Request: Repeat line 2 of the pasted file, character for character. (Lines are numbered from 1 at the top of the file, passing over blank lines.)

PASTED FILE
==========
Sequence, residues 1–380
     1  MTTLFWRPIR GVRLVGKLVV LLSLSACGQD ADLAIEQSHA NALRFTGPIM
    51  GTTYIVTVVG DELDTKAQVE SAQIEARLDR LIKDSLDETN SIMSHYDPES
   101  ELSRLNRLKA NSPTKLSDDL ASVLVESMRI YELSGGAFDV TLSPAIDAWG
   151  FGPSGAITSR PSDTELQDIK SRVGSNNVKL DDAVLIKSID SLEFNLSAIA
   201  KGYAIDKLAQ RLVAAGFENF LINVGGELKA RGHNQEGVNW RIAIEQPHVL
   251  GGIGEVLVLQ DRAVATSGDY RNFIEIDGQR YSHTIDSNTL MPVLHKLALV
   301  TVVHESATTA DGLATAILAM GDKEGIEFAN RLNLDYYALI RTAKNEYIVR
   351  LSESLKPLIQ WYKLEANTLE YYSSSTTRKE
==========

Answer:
     1  MTTLFWRPIR GVRLVGKLVV LLSLSACGQD ADLAIEQSHA NALRFTGPIM